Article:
Skip to content

Marriage Bucks the Separation of Church and State

December 22, 2010

I got married in a courthouse, and I don’t regret it. It was strictly for financial purposes – that year my partner and I had given birth and bought a house, in that order, so on the 12th of December we signed up for a legal (and socially acceptable) tax break.  There was nothing religious about it.

Mine is a minority story, however. Most modern marriages still find their roots in religious (or spiritual) beliefs. Even if the wedding doesn’t actually take place in a church or reference God, the union itself is a religious sacrament.

I would argue that this is true even for those who write their own vows and reject the church’s involvement in their life. Even for those who marry for love. The institution of marriage has been with mankind for so long that no governmental decree can change how we feel about it. Even as we re-define the nature of relationships and family, marriage remains a universal ideal.

Look at the main arguments for and against same-sex marriage. For; gay couples deserve the same civil rights as hetero couples. Against; it is a sacrament intended to be shared only between one man and one woman. While one side argues from the state, the other is arguing from the church.

One thing is certain: regardless of your reasons for getting married, there are legal implications. If it doesn’t work out, one of you may be liable to support the other for the rest of your lives. If you have children, the situation is complicated tenfold. A judge – someone outside of your own family unit – has the power to decide what is best for all of you.

You can write your own vows, but you can’t re-write marriage law. It’s very possible that you could marry for religious reasons and end up getting divorced through processes of the state. What did Jefferson say?

“I contemplate with sovereign reverence that act of the whole American people which declared that their legislature should “make no law respecting an establishment of religion, or prohibiting the free exercise thereof”, thus building a wall of separation between Church & State.”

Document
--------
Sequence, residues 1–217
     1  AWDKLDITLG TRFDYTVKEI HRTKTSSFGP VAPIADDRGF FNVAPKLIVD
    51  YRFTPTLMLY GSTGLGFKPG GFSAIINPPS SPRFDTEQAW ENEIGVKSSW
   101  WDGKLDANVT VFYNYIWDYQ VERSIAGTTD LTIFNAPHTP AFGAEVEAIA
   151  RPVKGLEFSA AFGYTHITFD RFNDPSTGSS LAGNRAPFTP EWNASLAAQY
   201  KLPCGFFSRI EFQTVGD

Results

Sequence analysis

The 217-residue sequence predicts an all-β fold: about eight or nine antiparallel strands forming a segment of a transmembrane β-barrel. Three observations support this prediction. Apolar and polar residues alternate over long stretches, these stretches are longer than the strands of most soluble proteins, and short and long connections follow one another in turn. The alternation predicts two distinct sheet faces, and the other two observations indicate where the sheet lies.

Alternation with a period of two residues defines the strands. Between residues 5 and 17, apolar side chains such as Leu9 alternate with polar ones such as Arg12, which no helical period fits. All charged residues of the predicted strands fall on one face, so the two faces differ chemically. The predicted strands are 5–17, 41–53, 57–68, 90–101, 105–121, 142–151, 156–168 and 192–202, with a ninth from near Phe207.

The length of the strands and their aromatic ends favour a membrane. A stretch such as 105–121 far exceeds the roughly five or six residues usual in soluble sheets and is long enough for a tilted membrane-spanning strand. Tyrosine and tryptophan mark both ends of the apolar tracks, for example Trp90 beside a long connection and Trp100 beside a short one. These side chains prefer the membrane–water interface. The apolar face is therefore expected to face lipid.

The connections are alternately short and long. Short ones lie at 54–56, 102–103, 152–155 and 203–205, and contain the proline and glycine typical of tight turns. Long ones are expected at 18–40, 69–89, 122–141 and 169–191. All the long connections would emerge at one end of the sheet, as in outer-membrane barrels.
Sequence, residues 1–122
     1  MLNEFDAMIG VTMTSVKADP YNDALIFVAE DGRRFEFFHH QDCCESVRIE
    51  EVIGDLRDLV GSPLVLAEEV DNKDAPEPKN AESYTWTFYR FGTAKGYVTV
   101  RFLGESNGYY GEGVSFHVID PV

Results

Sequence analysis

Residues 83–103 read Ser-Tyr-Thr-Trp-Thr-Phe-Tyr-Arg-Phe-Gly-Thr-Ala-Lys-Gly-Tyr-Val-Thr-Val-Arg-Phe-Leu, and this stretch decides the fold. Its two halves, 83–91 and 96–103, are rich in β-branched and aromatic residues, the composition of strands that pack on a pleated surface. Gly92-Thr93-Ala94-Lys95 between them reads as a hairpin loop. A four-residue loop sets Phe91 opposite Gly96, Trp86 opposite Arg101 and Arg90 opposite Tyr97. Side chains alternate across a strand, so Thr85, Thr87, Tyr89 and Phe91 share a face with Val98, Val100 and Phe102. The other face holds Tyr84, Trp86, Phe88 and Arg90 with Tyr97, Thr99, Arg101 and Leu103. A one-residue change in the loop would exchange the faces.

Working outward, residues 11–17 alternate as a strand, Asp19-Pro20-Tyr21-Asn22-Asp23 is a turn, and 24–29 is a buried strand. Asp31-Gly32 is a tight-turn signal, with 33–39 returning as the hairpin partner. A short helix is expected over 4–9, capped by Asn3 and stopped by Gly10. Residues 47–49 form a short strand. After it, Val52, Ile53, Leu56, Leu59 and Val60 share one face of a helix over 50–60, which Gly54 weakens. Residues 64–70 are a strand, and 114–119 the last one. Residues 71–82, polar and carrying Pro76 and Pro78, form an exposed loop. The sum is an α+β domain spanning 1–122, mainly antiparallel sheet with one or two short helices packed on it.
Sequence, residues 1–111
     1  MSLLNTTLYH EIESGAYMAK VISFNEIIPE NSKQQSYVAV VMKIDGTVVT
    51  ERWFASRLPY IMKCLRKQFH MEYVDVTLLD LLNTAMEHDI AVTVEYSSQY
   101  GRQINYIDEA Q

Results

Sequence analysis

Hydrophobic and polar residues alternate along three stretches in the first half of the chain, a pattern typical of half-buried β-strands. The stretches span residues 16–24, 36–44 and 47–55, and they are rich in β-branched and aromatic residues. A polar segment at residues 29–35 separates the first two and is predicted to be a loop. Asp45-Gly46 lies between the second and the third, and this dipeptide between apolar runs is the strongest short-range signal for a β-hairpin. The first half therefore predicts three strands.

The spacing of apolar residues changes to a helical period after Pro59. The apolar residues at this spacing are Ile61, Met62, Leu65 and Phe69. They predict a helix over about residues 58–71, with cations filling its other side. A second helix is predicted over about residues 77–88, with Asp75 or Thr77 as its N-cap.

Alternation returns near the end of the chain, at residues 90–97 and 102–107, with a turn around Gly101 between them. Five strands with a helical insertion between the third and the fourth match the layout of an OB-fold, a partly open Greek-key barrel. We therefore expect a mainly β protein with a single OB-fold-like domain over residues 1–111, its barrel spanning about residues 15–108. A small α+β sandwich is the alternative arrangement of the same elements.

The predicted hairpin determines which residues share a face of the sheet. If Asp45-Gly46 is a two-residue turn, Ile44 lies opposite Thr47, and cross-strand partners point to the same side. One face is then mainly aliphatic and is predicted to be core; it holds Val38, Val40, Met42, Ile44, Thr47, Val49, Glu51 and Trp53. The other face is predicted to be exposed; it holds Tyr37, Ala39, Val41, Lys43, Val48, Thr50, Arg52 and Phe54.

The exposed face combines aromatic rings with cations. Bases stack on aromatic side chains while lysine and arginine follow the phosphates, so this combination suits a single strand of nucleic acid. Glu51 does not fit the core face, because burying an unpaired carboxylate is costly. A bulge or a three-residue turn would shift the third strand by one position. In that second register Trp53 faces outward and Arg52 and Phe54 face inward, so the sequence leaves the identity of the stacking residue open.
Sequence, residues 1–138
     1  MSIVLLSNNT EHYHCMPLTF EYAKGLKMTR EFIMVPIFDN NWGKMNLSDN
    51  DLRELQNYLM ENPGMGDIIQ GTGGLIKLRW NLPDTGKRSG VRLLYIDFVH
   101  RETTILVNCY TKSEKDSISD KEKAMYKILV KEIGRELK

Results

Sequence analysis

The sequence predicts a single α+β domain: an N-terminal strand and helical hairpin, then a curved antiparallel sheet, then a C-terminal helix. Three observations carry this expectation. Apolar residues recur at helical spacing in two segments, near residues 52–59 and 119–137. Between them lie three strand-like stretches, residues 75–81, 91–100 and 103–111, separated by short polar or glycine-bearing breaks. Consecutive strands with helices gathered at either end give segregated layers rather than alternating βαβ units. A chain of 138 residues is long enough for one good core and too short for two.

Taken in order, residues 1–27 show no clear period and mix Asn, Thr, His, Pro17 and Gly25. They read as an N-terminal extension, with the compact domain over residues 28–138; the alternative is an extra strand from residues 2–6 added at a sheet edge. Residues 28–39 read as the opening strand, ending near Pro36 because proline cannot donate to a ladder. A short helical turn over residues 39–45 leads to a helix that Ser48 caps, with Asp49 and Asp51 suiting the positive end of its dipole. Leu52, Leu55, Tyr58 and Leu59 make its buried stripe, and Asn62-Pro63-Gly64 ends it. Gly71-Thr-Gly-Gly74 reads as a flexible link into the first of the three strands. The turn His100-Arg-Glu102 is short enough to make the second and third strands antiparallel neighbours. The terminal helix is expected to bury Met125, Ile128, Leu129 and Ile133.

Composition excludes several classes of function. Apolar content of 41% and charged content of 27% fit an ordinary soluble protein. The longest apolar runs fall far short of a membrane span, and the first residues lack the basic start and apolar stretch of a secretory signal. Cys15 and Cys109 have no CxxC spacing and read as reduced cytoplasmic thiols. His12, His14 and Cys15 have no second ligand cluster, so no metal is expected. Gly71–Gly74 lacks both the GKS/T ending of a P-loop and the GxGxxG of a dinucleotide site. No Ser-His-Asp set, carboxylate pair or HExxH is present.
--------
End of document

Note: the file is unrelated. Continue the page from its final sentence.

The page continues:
By this token, the United States government has no business interfering in your marriage.

It’s like we need dual definitions for the word. Or maybe two words. One for the vow you take before your pastor, to love and cherish your partner; and one for the vow you take before a judge, to provide for and nourish the same. Of course, who would want to marry before God a person who wouldn’t promise to take care of them for the rest of their life?

As things stand, it’s not a straightforward question. You can go into marriage blind and stupid, and most people probably do. Only lawyers study divorce law before they actually need it. I wish I had. The first time we split up I did talk to a lawyer, and it became apparent real quickly that working with my ex was a far better alternative than involving outsiders – as the system is set up now, and with the advantage of a very gracious partner. She must have discovered the same thing.

Turned out our ‘strictly for financial purposes’ marriage had deeper meaning after all.


From → Rants

Leave a Comment

Leave a Reply

Fill in your details below or click an icon to log in: Logo

You are commenting using your account. Log Out / Change )

Twitter picture

You are commenting using your Twitter account. Log Out / Change )

Facebook photo

You are commenting using your Facebook account. Log Out / Change )

Google+ photo

You are commenting using your Google+ account. Log Out / Change )

Connecting to %s

%d bloggers like this: